LEON Britton has a copy of the Liberty Stadium's book of the week and he has had it signed by the author.
"It says something like 'To Leon, you Turkish midget'," Swansea City's midfield master reveals with a smile.
"But I haven't had a chance to read it yet."
Britton has not scanned every page of Ashley Williams's Premier League Diary, but he has already heard about some of what is inside.
There is the line, for instance, about how he is the best player Williams has ever played with.
That is praise indeed given some of the stars who have played for Swansea in recent years, not to mention those Williams has featured alongside in the red of Wales.
"I have never doubted that Ash knows his stuff when it comes to football," Britton adds through another broad grin.
"Seriously, it's nice that he has said that, especially when you consider that he is an international and he has played with some very good players.
"I saw a snippet of what he said in the Evening Post and I was chuffed.
"I think Garry Monk said something nice about me in his book too, so I think it must because I do all the centre-backs' work for them!
"It's not that I'm the best player they have played with, it's just that I make their lives easier!
"When your team-mates say things like that about you, though, it's probably the ultimate honour as a player because you train with them every day and play with them every Saturday.
"Ash is Wales captain and he is playing with some top players.
"I don't think you could say I'm better than Gareth Bale, but it's a really nice compliment.
"I will have to have a good long think who I am going to choose when I write my book!"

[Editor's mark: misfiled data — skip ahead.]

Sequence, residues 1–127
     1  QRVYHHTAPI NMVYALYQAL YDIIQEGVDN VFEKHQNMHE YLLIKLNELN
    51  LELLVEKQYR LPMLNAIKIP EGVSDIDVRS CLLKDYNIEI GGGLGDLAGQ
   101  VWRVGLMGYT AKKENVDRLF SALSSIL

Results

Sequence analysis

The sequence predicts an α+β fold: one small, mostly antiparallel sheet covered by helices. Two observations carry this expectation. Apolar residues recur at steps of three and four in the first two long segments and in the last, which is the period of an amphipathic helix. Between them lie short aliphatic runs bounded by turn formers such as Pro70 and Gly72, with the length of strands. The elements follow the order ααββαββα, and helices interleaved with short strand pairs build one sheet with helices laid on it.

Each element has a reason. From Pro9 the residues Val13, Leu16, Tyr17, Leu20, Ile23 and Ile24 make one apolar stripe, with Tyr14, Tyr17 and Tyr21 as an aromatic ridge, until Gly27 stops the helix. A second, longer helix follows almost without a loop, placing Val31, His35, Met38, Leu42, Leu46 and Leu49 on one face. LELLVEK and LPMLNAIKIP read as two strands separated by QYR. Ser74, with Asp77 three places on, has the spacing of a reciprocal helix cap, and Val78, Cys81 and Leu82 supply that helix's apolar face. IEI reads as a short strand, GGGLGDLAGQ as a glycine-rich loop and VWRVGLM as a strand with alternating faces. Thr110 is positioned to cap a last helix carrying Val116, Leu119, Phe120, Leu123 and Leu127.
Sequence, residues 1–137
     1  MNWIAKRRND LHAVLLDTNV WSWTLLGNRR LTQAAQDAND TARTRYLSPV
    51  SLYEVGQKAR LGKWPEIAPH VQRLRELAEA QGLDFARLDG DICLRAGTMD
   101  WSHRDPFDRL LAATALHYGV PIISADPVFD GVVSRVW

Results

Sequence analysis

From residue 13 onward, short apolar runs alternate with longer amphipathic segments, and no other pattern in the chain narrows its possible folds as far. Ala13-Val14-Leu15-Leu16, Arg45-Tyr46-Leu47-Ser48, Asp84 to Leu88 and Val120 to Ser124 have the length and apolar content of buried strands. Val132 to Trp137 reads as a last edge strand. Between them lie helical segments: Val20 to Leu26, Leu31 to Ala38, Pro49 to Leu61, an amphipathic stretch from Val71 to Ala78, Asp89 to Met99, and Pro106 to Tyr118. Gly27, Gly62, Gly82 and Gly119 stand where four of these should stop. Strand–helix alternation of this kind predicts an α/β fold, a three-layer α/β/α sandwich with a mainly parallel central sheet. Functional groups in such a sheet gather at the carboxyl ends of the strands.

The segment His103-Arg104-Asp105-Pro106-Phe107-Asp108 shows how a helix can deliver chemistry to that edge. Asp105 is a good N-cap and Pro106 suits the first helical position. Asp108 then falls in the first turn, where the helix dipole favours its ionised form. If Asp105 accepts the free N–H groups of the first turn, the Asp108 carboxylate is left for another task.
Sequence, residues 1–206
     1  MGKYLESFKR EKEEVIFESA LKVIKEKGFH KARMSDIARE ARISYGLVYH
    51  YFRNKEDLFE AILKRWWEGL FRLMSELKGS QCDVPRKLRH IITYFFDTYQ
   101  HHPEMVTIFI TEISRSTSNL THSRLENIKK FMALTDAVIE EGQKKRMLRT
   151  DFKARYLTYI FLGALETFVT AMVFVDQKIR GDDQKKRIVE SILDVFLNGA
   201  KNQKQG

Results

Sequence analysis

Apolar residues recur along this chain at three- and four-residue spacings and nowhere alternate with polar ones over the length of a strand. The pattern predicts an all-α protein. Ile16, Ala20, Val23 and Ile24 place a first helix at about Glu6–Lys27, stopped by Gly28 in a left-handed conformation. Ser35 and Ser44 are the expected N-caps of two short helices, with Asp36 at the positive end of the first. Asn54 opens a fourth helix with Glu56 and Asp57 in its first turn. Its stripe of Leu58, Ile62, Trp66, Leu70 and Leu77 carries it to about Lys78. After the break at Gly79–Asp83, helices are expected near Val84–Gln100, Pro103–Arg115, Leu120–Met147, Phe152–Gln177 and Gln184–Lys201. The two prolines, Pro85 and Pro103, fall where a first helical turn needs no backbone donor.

Williams's story of last season has caused quite a stir this week because of the swipe he aimed at Luis Suarez.
The Swansea defender described Liverpool striker Suarez as the player he dislikes most in the Premier League, and went as far as suggesting that he felt like knocking him out after the clubs met last season.
It is apparently only a coincidence that Swansea and Liverpool face each other again tomorrow afternoon.
What should be good news for sales of the book is not necessarily great for Michael Laudrup's team.
Suarez, after all, will no doubt be keen to make his point to Williams — just like he did to David Moyes a few weeks back.
The Everton manager suggested before the Merseyside derby that Suarez's habit of going to ground easily would eventually turn people away from football.
Suarez responded by inspiring Liverpool to a draw that should have been a win at Goodison Park — and celebrating one goal with an elaborate dive in front of the home dugout.
"I remember the celebration," Britton says, "but I don't know whether he will be more motivated against us because of what Ash said in his book.
"There's been a bit of press about it this week, a bit of hoo-ha, but I think once we get on the pitch, both players will just be looking to get on with the game.
"Regardless of what has been said, they are professionals and they will want to do well for their teams.